Rebecca Kammer’s jewellery label Base Born exemplifies minimalist design and sustainable practices in timeless pieces made to last.
Introducing Base Born: Minimalist jewellery handmade in the Adelaide Hills
CityMag meets with Rebecca Kammer, the mind behind minimalistic jewellery brand, Base Born, at Abbots & Kinney on Pirie Street on a Monday morning – her sole day off for the week.
“I work for an online clothing store called Impulse Boutique and I take their product shots and edit those photos and do all the graphic design for their EDM [email marketing]. I was there for about seven years and I left briefly to go and work with my sister [Janie] who owns Karma and Crow on Richmond Road,” Rebecca says.
Creativity must come naturally to the Kammer family; through Karma and Crow (and soon Plume), Janie has shown her aptitude for venue concept and design, and her other sister, Ellie Kammer, is an established and influential contemporary artist.
Rebecca, too, has a visual arts background, holding a degree from the Adelaide College of the Arts, where she was first introduced to jewellery making.
“I had intended to go there for photography but I really enjoyed the jewellery making when they sort of forced us to do it,” she laughs.
Though she speaks fondly of working with family at Karma and Crow, Rebecca began to miss her creative outlet and so took the opportunity to work at Impulse part-time while focussing on building Base Born.
“I kind of just, on a whim, decided I wanted to go back and study a bit more jewellery-making,” She says.
“It came about because I was looking for the kind of thing that I now make, but I couldn’t find it anywhere at a price that I could afford.”
Rebecca has set up a home studio in Bridgewater, where she makes everything by hand.
“I make every single piece on my own. I solder things on my stovetop with a butane torch. It’s a tiny, little operation. Every order that comes through makes me happy and makes me smile,” she says.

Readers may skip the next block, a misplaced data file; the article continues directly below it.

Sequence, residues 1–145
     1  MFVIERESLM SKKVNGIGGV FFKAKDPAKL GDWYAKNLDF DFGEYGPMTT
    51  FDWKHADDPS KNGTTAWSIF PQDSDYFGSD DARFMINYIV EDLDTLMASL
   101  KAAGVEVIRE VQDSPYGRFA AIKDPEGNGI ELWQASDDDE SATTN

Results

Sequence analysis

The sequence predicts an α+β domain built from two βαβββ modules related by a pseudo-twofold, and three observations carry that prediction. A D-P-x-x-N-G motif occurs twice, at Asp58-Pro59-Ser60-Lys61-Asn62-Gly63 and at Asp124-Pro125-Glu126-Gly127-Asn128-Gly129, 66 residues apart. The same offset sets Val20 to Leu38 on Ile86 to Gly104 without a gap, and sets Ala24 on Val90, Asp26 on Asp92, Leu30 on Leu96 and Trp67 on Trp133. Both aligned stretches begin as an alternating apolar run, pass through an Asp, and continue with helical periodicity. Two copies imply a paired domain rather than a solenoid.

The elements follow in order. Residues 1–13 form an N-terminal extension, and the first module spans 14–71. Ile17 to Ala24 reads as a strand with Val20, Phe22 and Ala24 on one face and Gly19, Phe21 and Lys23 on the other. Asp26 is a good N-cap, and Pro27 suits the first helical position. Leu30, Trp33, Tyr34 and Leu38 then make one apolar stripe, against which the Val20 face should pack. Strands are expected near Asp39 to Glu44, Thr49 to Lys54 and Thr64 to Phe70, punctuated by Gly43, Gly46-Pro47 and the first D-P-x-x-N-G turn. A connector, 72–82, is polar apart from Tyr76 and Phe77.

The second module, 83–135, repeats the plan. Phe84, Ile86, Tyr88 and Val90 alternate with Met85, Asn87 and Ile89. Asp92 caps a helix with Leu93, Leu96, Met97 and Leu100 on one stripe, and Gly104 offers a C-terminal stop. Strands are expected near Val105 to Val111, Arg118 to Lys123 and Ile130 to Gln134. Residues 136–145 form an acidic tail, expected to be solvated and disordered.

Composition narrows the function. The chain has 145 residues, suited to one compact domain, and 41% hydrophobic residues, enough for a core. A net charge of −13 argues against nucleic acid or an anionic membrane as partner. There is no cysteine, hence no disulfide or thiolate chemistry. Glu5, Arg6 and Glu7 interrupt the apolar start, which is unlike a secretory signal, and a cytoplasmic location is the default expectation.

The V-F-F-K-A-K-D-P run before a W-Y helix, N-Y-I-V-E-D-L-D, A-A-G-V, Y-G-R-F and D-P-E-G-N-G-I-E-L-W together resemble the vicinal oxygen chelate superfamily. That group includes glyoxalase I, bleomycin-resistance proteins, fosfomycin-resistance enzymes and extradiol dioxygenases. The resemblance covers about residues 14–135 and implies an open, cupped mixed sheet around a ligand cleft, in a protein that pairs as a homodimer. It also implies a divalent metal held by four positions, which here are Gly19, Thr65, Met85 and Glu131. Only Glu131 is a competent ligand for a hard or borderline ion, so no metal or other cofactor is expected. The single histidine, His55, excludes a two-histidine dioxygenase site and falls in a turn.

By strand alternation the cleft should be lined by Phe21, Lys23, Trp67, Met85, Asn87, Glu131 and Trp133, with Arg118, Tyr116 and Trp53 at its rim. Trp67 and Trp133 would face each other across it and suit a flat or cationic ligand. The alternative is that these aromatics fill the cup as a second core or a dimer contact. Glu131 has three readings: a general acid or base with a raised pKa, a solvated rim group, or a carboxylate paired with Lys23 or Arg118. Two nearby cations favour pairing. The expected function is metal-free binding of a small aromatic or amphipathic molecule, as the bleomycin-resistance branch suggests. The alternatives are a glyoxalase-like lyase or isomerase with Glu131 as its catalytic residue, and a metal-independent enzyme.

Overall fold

Rebecca’s designs emanate a timeless class and broad appeal that CityMag can imagine working equally well as a gift for your grandmother or your moody teenaged niece.
“I’m not trying to be quirky. There’s not really a point of difference. It’s just beautiful, minimal, elegant designs,” Rebecca says.
“I’ll kind of just experiment with things at home and, if something works and I like it, then I’ll pop it on the website and see what happens.”
Rebecca’s practice has proven addictive; she describes sitting at home on the couch with her two dogs, bingeing Netflix, and slowly crafting twenty-or-so pairs of earrings.
“Because it’s quite time-consuming and detailed and you really have to focus in, you don’t really think about much else. It’s quite meditative. You’re just focused on doing a good job, basically making a beautiful thing and not worrying about life,” she says.
Key to Base Born’s aesthetic is ensuring the pieces are simple enough to pair with anything, but Rebecca also stresses the importance of sustainability to her brand.
“I really want all of us to have a future on this planet. I’m not quite old enough yet that it doesn’t quite matter to me anymore,” she laughs.
Building Base Born on a foundation of sustainability has impacted how and where Rebecca sources her materials. She imports all her silver from a supplier in Sydney who specialises in recycled silver, and she repurposes metals and other materials where she can.
“The pearls that I use in my collections are all thrifted. I go and do little op-shop runs and pick up strands there. I always test that they’re real,” she jokes.
“I’m just trying to be way more conscious of being environmentally friendly and buying things that’ll last and making things that will last. So, aside from trying to source sustainably, what I make is made to last.”
As we wrap up our chat, Rebecca tells CityMag she’s not usually good at talking about herself so much. She is a humble creator but obviously grateful to be doing what she does, and her passion for her craft is obvious – to us, and to her customers.
“Because they know that it’s handmade and there’s one person on the other end, they tend to write me little notes and it feels like I’m making it for someone that I really care about and that I want to do a great job for. It’s definitely rewarding,” she says.
Rebecca is currently selling her products on Base Born’s website, on Etsy and at Karma and Crow; however, she is now looking at expanding to more local stockists, exploring market stalls and dipping her toe into bridal jewellery and hair accessories.
“At the moment, I would love to just keep doing what I’m doing. I’m working on a new collection with more organic, found matter that I’m going to cast into metal.”
“If the business grows, I’ll be really stoked. But even if it stays like this, it’s just lovely to have.”